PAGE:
Selfie Monkey Case Gets Stranger
Just when you think the world can’t get any stranger than it already is, you learn about a case of a monkey engaged in a lawsuit of copyright of a selfie that it took. We’ll get into that, but don’t think the strangeness stops there. It gets quite a bit weirder than that.
In 2011, a photographer named David Slater was faced with a lawsuit filed by PETA (People for the Ethical Treatment of Animals) on behalf of a monkey named Naruto. You see, Naruto picked up Slater’s camera and took several selfies with it. Slater published the pictures, which then went viral. After all, who doesn’t want to see a monkey’s selfie?
Of course, PETA believes that since the monkey took the selfie, it should be the legal copyright owner and not Slater. They filed as “next friends” since the macaque who lives in Indonesia was unable to file on its own. Of course, we must wonder if the monkey even knows what copyright and the legal system are. In some world, this probably makes sense to people. However, things got weirder not too long after PETA filed their suit.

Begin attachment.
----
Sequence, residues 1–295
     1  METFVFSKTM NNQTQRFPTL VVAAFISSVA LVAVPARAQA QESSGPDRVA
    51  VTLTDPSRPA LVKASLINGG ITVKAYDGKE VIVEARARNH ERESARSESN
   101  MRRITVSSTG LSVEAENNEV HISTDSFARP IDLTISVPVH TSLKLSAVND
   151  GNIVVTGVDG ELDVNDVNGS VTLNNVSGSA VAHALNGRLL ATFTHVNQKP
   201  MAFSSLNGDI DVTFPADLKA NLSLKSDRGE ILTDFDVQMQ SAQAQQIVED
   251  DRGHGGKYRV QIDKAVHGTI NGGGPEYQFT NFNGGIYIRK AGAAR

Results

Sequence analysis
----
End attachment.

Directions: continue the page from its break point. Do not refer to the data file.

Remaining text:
The legal fight then included a debate over the gender and identity of the monkey in the picture. Now, Slater’s attorneys argue that PETA can’t prove the identity of the monkey in the photos and they wanted to have the case thrown out. In the book that contains the photos, Slaters says the monkey is a female and Naruto is a male. He also says that PETA has previously and erroneously referred to the monkey as female. Therefore, they believe that PETA doesn’t have any proof they are talking about the same monkey in the photo.
Now, you might be wondering how a case could get this far along and get this strange. According to copyright law in the United States, the photos need to be the “product of human authorship.” While some might feel that PETA believes that monkeys, and perhaps other animals, should have the same rights under the laws as humans, many others believe that it is merely a publicity stunt to get more attention for their cause.
In their suit, they are suing for “all proceeds from the sale, licensing, and other commercial uses of the Monkey Selfies to put the money toward conservation.” If they were merely suing for promotion, then they did a fine job, as this case keeps coming up.
PETA has a history of creating some rather strange lawsuits, including some that are just as odd as the monkey selfie suit. In 2015, for example, they opened a suit in NY state trying to get the identity of three commenters on Huffington Post that said mean things about the organization on one of their posts. They wanted the true identities of the people who made the comments so they can launch separate suits against each of them. PETA is the weird lawsuit gift that keeps on giving.